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    @Theremingenieur - I believe it's important to remember we get quite a lot of folks here with a ton of prior experience on very old embedded platforms.

  11. #11
    Senior Member+ Theremingenieur's Avatar
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    I stand corrected. Please accept my sincere apologies!

  12. #12
    Senior Member PaulStoffregen's Avatar
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    Then again, this stuff is pretty clearly documented in the "fine" manual.

    @shawn - One strategy you can use to find these sorts of details involves looking at the existing code for what registers it initializes. The names used in serial1.c and other Teensyduino files are exactly the same as they appear in the manual (no extra layers of naming as NXP's complex code tends to use) so you can just copy them right into the search box on whatever program you use to read the manual PDF file. For example, searching for "SIM_SCGC4" which Frank mentioned in msg #2, and you would see in the initialization code in serial1.c, goes right to page 252. Going from "System Clock Gating Control Register 4" to chapter 5 "Clock Distribution" isn't as automatic. But hopefully you can see a path here that doesn't involve insinuating on a forum that these features are undocumented or hidden?

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    @Theremingenieur I hear your point, however, most vacuum cleaner documentation (and most other basic home appliance documentation) actually document the fact that you need to plug it in. That's in addition to a mention of plug safety.

    I'm sorry, but "setting a bit on this register will lock up the microprocessor and not just be ignored" is not common sense.

    Quote Originally Posted by Theremingenieur View Post
    Respectfully, I must disagree. Before you can use your vacuum cleaner, you have to plug its power cord into a wall plug. That's common sense even if not mentioned in the manual.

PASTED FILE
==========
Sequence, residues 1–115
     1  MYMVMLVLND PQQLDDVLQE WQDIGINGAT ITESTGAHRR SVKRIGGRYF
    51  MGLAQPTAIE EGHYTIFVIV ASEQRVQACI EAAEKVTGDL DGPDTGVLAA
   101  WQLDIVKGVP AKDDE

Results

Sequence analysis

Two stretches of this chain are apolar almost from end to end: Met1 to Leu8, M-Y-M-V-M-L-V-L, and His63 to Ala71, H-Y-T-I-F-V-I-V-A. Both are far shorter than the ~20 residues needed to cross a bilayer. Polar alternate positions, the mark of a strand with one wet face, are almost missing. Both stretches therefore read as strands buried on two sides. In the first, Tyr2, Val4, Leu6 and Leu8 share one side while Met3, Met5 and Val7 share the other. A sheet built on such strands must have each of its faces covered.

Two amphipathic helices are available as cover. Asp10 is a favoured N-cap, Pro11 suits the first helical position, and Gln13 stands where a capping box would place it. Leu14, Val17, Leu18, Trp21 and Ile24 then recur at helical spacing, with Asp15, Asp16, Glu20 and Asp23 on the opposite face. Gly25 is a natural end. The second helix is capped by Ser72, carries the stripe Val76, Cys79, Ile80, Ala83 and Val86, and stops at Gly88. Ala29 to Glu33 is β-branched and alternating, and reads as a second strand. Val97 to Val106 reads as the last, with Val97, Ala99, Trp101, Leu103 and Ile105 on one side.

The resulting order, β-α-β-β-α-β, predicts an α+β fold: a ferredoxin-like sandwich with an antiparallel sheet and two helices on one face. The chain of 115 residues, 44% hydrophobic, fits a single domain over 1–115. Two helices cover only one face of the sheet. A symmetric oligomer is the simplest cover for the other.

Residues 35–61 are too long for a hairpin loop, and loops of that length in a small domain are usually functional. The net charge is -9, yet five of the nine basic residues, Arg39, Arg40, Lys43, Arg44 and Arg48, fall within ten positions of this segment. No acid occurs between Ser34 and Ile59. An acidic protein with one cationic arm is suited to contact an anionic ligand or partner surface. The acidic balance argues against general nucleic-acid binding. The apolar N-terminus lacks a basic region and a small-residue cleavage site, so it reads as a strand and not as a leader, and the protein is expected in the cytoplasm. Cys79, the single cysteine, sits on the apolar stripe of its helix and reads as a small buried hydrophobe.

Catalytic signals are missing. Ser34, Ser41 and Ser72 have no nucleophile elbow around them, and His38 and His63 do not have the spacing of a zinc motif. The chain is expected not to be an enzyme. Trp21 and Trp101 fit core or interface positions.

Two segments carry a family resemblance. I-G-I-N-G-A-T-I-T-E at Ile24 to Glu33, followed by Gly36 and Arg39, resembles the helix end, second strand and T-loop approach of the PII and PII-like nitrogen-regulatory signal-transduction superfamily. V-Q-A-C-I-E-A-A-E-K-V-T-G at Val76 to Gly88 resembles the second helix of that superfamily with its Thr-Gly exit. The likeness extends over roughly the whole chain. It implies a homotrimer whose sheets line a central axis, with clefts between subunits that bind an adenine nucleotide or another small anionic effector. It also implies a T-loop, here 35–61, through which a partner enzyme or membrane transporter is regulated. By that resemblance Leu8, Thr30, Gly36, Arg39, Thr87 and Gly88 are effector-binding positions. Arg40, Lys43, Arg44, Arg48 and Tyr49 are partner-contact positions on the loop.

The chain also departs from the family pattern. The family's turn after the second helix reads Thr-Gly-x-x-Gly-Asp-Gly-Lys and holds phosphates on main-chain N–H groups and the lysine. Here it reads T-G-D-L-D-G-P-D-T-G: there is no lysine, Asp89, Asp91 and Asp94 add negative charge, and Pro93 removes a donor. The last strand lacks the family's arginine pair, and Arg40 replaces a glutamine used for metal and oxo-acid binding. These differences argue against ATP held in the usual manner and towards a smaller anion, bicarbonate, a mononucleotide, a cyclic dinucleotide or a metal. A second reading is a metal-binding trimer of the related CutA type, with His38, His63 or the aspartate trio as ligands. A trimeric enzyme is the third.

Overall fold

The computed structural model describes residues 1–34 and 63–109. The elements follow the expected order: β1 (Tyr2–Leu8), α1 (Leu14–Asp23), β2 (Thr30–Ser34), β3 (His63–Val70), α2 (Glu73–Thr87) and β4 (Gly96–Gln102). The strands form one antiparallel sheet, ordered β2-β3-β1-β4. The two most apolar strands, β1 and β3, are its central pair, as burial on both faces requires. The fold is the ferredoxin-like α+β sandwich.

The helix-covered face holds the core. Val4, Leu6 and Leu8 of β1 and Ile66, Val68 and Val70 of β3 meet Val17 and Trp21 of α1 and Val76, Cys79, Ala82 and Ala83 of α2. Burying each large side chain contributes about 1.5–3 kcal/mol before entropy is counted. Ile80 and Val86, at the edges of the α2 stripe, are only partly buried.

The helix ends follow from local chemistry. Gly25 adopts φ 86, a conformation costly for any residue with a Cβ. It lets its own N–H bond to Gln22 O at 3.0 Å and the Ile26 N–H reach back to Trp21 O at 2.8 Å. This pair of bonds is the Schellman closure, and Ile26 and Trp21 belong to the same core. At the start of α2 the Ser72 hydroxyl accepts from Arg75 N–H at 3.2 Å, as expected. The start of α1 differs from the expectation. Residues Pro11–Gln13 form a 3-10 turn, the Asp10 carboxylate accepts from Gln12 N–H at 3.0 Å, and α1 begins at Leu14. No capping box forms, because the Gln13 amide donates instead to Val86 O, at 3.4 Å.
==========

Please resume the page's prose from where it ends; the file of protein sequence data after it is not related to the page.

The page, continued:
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    Thanks for your response, Paul. For the record, I never insinuated that this wasn't documented or hidden. I specifically said: "I can't seem to find any information about this in the datasheet. My guess is the UART clock isn't enabled." That doesn't mean it's not there, just that I couldn't find it. I must have missed that sentence in the manual, but I see it now; thanks for pointing it out.

    My reference to being undocumented or a bug was specifically a response to @Theremingenieur saying "Just take it as a fact.". I don't believe in just accepting microprocessor behaviour, especially if something turns out to be undocumented, which was @Theremingenieur's implication, not mine. I didn't misrepresent or insinuate anything.

    Sometimes, and I'm sure we all can agree on this point, we're so deep into the manuals and documentation that finding that one sentence is difficult and it's easy to miss. In this case, I missed it. The information is very dense, and I'm also sure we've all been there, where you need another set of eyeballs to see what's in front of your face.

    And that's why I asked on this forum, because I was sure that someone may have seen it.

    Quote Originally Posted by PaulStoffregen View Post
    Then again, this stuff is pretty clearly documented in the "fine" manual.

    @shawn - One strategy you can use to find these sorts of details involves looking at the existing code for what registers it initializes. The names used in serial1.c and other Teensyduino files are exactly the same as they appear in the manual (no extra layers of naming as NXP's complex code tends to use) so you can just copy them right into the search box on whatever program you use to read the manual PDF file. For example, searching for "SIM_SCGC4" which Frank mentioned in msg #2, and you would see in the initialization code in serial1.c, goes right to page 252. Going from "System Clock Gating Control Register 4" to chapter 5 "Clock Distribution" isn't as automatic. But hopefully you can see a path here that doesn't involve insinuating on a forum that these features are undocumented or hidden?